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Madden: Here's 10 ways to improve Pirates

Saturday, May 17, 2003

I often admonish my talk-show callers to suggest ways to make things better instead of merely criticizing. Practicing what I preach, here are 10 things the Pirates could do to improve their fortunes:

1. Hit better.

2. Field better.

3. Give Kris Benson the best lineup possible every time he pitches. Benson started one game this year with Kevin Young in right field, two with Craig Wilson catching. Benson is the unparalleled ace of the staff. He gives the Pirates the best chance to win. So they should give Benson the best chance to win. Not for his sake, but to make sure the team nails down a victory when the odds are best.

4. If a player is failing in his current role, let him try a new one. Scott Sauerbeck, for example, has been getting pounded in middle relief. Why not give him a spot start? Give Brian Boehringer a start, too. Sauerbeck and Boehringer have both been full-time starters during the course of their careers. Point is, there's no reason to maintain the status quo on a team playing as poorly as the Pirates.

5. Whenever the Pirates face a right-handed starter at PNC Park, Matt Stairs should be in the lineup. PNC's short right-field porch was made for the burly left-handed pull hitter. That Stairs hasn't had a more regular opportunity to exploit it is confusing and confounding.

6. Periodically interchange the worst two players on the big-league roster with the best two players in Class AAA. If the Pirates called up pitcher Pat Mahomes (which they did yesterday) and third baseman Mike Gulan from Nashville and sent down ... heck, pick two, any two, it would make players in both places try harder. Well, maybe not Aramis Ramirez. But everybody else. I realize that options, days of service, union regulations, etc., might make this difficult, and, boy, I would hate to accidentally waive, say, Abraham Nunez.

7. Drop Ramirez down in the batting order. He has stunk in the cleanup spot, which means he's doing a poor job protecting Brian Giles at No. 3. Giles drew 16 walks and got just six extra-base hits in his first 77 plate appearances. The Pirates need Giles to walk, but they need him to get good pitches to drive even more. Bat Stairs or Randall Simon fourth against right-handers, Reggie Sanders fourth against left-handers.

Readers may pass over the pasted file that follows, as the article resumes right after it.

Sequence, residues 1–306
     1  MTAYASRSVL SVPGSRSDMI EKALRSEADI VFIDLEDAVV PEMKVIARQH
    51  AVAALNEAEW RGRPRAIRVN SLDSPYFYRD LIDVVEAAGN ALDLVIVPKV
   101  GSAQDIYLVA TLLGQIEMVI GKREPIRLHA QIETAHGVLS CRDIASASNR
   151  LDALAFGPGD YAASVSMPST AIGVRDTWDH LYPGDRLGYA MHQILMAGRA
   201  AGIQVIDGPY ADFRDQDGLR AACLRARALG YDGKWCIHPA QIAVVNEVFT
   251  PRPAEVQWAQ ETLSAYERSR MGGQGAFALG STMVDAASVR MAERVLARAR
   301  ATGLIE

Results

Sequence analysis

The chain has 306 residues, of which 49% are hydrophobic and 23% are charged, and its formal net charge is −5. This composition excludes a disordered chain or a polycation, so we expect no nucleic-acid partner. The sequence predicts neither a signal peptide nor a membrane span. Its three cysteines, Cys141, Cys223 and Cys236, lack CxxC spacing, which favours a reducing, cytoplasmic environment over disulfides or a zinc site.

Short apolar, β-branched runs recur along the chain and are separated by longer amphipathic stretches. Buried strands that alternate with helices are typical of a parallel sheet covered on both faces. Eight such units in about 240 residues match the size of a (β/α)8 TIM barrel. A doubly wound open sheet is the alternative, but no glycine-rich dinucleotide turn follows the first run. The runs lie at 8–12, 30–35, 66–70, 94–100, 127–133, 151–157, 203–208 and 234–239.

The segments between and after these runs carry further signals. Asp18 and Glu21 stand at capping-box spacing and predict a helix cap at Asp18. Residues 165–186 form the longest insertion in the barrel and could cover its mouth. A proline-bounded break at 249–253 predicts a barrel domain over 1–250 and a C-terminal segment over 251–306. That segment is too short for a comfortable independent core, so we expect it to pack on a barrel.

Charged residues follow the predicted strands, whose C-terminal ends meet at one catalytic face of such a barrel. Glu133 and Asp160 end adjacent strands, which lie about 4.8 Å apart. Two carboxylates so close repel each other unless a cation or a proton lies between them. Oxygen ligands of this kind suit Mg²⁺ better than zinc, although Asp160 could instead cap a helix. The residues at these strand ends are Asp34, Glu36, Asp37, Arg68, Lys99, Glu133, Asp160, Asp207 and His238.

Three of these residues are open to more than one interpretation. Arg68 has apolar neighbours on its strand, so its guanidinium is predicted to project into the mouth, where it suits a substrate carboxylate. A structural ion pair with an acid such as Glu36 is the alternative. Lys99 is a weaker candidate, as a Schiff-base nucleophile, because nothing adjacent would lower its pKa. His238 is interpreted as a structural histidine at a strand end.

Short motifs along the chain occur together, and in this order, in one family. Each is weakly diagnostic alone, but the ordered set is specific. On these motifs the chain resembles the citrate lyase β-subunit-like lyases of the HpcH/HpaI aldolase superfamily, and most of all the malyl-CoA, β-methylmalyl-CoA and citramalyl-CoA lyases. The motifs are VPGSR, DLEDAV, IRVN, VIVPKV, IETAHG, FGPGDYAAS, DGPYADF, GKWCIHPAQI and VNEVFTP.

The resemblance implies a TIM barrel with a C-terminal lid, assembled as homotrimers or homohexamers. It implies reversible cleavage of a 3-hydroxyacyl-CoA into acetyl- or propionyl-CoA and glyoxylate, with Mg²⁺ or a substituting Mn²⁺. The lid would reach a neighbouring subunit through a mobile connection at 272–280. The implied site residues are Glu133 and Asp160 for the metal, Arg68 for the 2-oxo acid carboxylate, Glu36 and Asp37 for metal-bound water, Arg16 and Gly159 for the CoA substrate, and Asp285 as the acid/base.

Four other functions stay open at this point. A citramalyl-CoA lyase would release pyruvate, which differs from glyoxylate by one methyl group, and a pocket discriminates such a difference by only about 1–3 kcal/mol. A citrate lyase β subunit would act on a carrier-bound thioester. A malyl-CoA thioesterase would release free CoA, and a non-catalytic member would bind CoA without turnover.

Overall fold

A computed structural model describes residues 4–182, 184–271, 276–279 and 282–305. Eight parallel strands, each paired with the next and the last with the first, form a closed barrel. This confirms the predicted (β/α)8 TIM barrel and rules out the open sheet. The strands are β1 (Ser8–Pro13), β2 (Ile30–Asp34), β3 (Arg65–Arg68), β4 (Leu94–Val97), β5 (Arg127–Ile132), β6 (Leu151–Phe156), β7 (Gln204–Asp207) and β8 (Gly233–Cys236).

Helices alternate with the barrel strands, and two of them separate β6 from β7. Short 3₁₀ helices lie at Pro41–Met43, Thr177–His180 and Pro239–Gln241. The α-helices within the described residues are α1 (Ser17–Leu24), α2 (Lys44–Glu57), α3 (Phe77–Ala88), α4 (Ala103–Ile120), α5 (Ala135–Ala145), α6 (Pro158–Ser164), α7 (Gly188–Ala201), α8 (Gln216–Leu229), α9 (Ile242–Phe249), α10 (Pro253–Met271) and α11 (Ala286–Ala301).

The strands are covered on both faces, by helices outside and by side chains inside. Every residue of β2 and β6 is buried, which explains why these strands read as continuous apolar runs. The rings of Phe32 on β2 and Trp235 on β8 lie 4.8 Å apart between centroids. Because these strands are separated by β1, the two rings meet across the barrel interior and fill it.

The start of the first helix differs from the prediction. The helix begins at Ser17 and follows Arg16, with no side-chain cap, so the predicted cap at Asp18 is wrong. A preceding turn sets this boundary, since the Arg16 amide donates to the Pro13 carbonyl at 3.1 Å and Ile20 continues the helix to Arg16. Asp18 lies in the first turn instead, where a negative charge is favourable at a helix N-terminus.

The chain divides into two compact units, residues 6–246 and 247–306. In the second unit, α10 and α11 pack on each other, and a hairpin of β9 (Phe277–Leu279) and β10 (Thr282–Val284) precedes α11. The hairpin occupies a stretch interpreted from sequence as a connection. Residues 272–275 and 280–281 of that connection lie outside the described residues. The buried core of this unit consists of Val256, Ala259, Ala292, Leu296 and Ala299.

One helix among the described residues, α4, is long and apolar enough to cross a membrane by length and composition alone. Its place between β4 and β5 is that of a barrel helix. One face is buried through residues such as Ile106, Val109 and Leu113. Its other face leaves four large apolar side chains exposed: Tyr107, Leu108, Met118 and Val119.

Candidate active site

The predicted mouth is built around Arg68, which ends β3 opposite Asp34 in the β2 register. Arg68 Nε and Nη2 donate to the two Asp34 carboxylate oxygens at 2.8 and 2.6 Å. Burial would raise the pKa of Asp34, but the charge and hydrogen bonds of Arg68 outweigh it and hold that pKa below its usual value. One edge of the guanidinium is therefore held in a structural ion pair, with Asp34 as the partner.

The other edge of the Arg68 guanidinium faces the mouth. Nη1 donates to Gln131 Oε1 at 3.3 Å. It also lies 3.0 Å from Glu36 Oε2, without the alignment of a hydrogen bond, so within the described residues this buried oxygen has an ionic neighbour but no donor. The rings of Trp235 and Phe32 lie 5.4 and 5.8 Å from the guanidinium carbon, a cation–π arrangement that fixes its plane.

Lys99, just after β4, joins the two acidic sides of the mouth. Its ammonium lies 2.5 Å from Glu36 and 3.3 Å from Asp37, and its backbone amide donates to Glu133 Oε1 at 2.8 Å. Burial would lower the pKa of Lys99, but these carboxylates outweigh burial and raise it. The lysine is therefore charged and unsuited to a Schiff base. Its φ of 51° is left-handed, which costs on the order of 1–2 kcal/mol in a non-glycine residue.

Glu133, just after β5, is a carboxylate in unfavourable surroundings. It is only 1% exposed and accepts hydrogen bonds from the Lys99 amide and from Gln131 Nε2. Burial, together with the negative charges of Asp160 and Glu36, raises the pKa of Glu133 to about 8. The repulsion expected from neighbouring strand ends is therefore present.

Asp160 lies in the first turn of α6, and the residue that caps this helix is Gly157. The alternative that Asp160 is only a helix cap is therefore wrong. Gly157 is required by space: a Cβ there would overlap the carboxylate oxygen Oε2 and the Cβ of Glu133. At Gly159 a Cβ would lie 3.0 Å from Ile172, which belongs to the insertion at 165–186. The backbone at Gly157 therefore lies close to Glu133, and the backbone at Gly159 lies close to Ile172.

8. Bat Jack Wilson second. Jason Kendall is going to produce no matter where you bat him. But Jack Wilson is much more productive when he bats second than when he bats anywhere else.

9. If Ramirez continues to stink, play Kevin Young at third base once in a while. Young used to play third, and what do the Pirates have to lose? (I often criticize the "What-do-we-have-to-lose?" agenda as the siren song of the truly desperate. I stand by that critique. But the Pirates are, indeed, truly desperate.)

10. Manufacture more runs by playing small ball. The Pirates have a great pitching rotation. They shouldn't play for the big inning. In their effort to put up crooked numbers, the Pirates too often put up a zero.

This list is in no way an indictment of Manager Lloyd McClendon, who I think is doing a decent job. Remember, you can't polish manure.

This is by no means meant to be a complete list. If it were, I would write, "That's it! That's the list!" There isn't enough newsprint in North America to list all the things the Pirates should do differently.

If you have any ideas to add, go to PNC Park and yell them out. With the crowds so small and quiet, I have no doubt McClendon will hear them.

The above ideas are for the short term. If the Pirates continue to slide, they should consider moving Kendall to second base. That seems an obvious decision considering the injury to Pokey Reese. Kendall could add years to his career by moving to a position less demanding than catcher.

The Pirates also should consider trading Mike Williams. Williams is an average closer coming off a great year. With Boston, St. Louis and San Francisco all contenders in need of a bullpen hammer, Williams' market value will never be higher.

New hitting coach Gerald Perry hit the nail right on the head when he blamed media negativity for the Pirates' struggles. Whenever I think of the disgraceful parody of a baseball organization the Pirates have maintained over the past decade, one name leaps to mind when it comes to blame: Bob Smizik.

But, since we're handing out blame, how come the Pirates' hitters don't do anything different under Perry than they did under Dave Clark last year? They still don't walk enough, they still get behind in the count, and the pinch-hitters are useless. One change: Simon strikes out now. He didn't used to.

Recently, on the PNC Park scoreboard video screen, Pirates players were quizzed about which of their teammates would look best in lingerie. Giles was the runaway winner. Now that's family entertainment.

Mark Madden is the hosts a sports talk show from 3-7 p.m. weekdays on WEAE-AM (1250).

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